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Location where charge is cancelled out

  1. Jun 2, 2008 #1
    1. The problem statement, all variables and given/known data

    two charges, are +10 microcoulombs and +6microcoulombs are placed 40cm apart. find the loaction along the line joining the two charges when the force on a -2microcoulomb chrage would be zero. consider only locations between the two positive charges

    2. Relevant equations

    E = E1 + E2 = (kqa/r^2) + (kqa/r^2).... where E is electric field, and E1 is electric field of one +charge qa, and E2 is the electric field of the other charge qb

    k = 9*10^9 constant

    E = F/q where F = force, q is charge = -2microcoulombs, and E is from the first equation

    3. The attempt at a solution

    i am not sure if i am using the correct equations

    first i used the frst eq and solved for E1 and E2 using the k and the given charges and radius r = 40cm =0.4m, i summed E! and E2 to get E

    then used the second equation, and subbed in E from the first eq in for E in the second, used q = -2microcoulombs for q, but the thing is i am trying to find where the force is zero so, if i sub in 0 for F in the second equation i get no where

    i need an equation that allows me to factor in force and the q= -2microcoulombs charge. i need to find r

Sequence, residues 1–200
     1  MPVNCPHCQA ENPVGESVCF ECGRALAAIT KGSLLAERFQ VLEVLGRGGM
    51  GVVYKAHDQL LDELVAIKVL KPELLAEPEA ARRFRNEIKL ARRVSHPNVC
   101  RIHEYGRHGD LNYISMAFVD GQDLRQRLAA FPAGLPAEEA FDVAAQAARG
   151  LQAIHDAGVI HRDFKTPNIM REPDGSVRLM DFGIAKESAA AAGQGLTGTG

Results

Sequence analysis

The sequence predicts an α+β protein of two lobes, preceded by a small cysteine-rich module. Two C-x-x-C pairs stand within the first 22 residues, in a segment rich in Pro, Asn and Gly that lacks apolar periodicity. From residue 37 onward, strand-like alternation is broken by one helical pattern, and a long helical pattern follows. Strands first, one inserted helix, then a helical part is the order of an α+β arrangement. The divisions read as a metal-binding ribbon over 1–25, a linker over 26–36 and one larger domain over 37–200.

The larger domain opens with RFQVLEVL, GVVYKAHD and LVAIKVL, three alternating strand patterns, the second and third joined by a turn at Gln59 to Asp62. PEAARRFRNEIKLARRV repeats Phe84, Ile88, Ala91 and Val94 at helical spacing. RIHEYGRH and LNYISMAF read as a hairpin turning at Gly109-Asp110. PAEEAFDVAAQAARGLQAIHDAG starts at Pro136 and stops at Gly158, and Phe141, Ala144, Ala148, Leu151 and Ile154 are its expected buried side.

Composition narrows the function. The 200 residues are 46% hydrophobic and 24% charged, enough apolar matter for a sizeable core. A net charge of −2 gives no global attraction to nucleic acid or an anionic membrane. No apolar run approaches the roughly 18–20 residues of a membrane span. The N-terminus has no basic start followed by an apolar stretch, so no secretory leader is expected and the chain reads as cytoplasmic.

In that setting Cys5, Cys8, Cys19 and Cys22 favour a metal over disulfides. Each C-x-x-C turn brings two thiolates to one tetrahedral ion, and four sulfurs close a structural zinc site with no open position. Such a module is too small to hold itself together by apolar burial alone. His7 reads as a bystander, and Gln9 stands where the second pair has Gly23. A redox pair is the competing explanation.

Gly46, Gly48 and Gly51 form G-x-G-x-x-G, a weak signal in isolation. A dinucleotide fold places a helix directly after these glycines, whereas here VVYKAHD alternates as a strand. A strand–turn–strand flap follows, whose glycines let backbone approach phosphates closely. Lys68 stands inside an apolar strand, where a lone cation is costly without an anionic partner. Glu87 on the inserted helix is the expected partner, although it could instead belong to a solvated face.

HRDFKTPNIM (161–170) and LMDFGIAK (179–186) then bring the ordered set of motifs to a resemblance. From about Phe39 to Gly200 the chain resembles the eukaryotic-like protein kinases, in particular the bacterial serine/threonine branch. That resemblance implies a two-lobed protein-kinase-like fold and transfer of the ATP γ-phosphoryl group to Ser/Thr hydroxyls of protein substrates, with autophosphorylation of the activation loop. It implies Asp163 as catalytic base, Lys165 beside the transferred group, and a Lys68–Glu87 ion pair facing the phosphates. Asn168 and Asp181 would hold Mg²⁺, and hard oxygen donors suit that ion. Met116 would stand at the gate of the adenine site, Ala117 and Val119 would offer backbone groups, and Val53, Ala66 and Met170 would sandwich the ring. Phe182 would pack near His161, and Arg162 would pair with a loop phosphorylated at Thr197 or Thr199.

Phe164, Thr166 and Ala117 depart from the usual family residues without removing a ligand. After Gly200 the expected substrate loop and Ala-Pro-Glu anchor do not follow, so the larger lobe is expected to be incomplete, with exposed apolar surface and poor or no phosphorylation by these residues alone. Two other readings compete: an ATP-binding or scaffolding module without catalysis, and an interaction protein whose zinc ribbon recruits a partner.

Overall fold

help appreciated..
  2. jcsd
  3. Jun 2, 2008 #2


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    Homework Helper
    Gold Member

    First things first:

    In your first equation you have two different r's:


    where r_a and r_b are the distance between the position we care about and chareg a or b, respectively.

    Now, since F=qE and we know the charge isn't zero, the point where the force is zero has to be the point where the field, E, is zero. Thus, the point we care about, call it x, is where the field is zero.


    Can you get x involved in the first equation for the total E-field?

    If so, you should be able to solve for x, knowing the field at x is zero.
  4. Jun 2, 2008 #3
    this is what i thought of but it just doesn't seem right at all

    E = kq_c/r^2 where k = 9*10^9, q_c = -2 microcoulombs, r = (0.4 - x)

    other that i don't what else, hint...?
  5. Jun 3, 2008 #4
    You need to write r_a and r_b in terms of x. Then you can solve G01's equation for x.
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